Let’s be honest. What’s the first thing that pops into your head when you think of Chris Isaak? It’s this, right?
That’s ok. Me, too. Nothing wrong with that. Not one bit. After all, the video is hawwwt.
Okay, so back on task. I’ve been a “passive fan” of Chris Isaak. While I really like his music, I don’t possess any of his albums. Granted, I don’t own a lot of albums to begin with, so that’s not a knock on Chris at all.
Throughout my life, I have known several Chris Isaak fans. Hmmm, that’s not quite accurate. Let me try that again. I have known several Chris Isaak
maniacs fanatics. Those ladies were obsessed with the guy, and each proclaimed him the sexiest man that ever lived. Although I don’t advocate any type of behavior that leads to a scary level of infatuation and mania (take note, all you tween Justin Bieber fans out there), I can see where the allure lies. Isaak is one suave dude. He reminds me of a cross between Elvis and David Duchovny, sans the X-Files stigma or the peanut butter & banana sandwiches.
From humble blue-collar beginnings, Chris literally is a self-made musician. If Loretta Lynn was the Coal Miner’s Daughter, Isaak is the Fork Lift Operator’s Son. Teaching himself how to play on his brother’s guitar, influenced by country music (and by Elvis himself), he began writing songs in his teens.
Dabbling in amateur boxing during his youth, Isaak also was an exchange student staying in Japan. There he decided on music as a his career. After years of paying his dues in San Francisco dives, he finally caught his break in the mid-1980s. His debut album Silvertone garnered attention and particularly caught the ear of film director David Lynch. The creatively eccentric filmmaker put two of Isaak’s songs in the 1986 film Blue Velvet. A few years alter, Lynch used a little known song from another of Chris’s albums (Heart-Shaped World) for the film Wild at Heart. That song? “Wicked Game.” Hot as a match, the song lit the fuse that rocketed Isaak into stratospheric new levels of success.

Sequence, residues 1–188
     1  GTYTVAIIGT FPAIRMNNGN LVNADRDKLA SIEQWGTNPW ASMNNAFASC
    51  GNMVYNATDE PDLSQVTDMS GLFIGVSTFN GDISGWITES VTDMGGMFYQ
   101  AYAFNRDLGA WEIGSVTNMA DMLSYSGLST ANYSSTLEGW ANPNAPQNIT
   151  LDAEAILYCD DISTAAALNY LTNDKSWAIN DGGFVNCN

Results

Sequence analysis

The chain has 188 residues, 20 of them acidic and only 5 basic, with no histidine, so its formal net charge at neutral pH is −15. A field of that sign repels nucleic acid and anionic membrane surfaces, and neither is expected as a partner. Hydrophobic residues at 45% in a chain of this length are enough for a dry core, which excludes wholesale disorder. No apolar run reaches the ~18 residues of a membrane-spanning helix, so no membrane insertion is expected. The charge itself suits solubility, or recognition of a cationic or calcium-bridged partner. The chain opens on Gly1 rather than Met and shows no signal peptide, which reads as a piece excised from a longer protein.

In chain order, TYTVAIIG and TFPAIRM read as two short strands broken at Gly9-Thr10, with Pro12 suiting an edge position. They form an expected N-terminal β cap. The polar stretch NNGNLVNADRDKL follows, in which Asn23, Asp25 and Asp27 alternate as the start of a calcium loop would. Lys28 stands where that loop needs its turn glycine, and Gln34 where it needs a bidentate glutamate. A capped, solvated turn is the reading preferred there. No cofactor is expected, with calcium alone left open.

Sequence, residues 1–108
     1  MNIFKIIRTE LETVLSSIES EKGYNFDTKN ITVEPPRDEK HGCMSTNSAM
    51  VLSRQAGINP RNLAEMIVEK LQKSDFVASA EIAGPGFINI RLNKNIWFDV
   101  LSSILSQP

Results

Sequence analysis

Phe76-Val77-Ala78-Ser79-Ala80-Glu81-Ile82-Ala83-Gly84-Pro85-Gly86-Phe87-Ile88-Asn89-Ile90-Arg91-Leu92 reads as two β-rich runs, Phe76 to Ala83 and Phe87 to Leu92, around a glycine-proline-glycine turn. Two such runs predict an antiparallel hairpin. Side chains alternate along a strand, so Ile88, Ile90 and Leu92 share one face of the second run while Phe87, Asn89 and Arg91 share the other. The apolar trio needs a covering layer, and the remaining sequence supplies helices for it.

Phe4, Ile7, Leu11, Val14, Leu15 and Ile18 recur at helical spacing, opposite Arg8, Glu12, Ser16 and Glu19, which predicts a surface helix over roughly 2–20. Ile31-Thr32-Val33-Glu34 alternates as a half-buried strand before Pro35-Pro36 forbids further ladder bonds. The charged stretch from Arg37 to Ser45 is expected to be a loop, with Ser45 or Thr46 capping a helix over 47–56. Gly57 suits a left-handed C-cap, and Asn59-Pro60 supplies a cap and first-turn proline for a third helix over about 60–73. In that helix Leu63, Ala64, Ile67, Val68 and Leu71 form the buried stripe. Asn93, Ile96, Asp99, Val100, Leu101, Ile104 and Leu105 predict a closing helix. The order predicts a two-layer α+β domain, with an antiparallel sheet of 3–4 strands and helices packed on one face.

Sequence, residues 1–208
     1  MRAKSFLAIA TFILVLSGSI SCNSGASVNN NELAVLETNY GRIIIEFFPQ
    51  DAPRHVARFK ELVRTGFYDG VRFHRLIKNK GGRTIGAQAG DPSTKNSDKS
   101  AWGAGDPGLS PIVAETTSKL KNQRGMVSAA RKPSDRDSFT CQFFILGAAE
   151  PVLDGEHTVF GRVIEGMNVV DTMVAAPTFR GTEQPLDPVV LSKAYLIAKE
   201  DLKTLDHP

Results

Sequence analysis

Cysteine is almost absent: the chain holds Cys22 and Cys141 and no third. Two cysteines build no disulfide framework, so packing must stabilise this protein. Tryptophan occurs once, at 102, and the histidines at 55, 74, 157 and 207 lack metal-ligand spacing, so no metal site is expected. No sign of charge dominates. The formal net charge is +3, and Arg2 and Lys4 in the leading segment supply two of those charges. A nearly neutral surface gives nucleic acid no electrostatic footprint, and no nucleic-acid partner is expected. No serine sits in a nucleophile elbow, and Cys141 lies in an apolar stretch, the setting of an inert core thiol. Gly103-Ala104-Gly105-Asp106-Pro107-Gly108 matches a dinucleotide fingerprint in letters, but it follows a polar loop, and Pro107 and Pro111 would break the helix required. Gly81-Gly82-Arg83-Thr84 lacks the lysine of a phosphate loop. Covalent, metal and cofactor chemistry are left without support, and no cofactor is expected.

And like that, he began appearing in front of more audiences, both in film and TV. After a few blink-and-you-miss-him turns in Married To The Mob and The Silence of the Lambs (I guess Jonathan Demme is a big fan, too), he featured more prominently on the big screen in Little Buddha and Twin Peaks: Fire Walk with Me. Seems like directors simply love Isaak, and even the reclusive cinematic auteur Stanley Kubrick used the song “Baby Did A Bad Bad Thing” in his final film, 1999’s Eyes Wide Shut. Heck, the entire trailer was set to the song.
Taking his talents into living rooms across America, Chris was finally exhibited in a show of his own. The Showtime network gave him “The Chris Isaak Show” in 2001, where he and his band played fictionalized versions of themselves. Think of it as a more musically based version of “Curb Your Enthusiasm,” without the acerbic humor and Larry David’s unassuming yet rude behavior. Lasting three seasons, it was generally liked but not loved by cable audiences.
Although still crossing over into different media, Isaak is now focusing again on his music predominantly. This week’s performance at The Paramount promises to maintain his long-time rockabilly charm and that (ahem) smooth sex appeal. I, for one, would not be surprised in the least to see some of the long-time
maniacs fans there that I’m familiar with.
Songs will also be performed from last year’s album, Mr. Lucky. As described on his website, this album is “like some rocking Sinatra album for the 21st Century, a song cycle about the good luck we earn and the bad luck we just can’t seem to shake.” Sounds like it’s worth a roll of the dice to me.
Don’t miss the show. That would be a bad bad thing.
The show is Wednesday, Oct. 13th. 8 pm.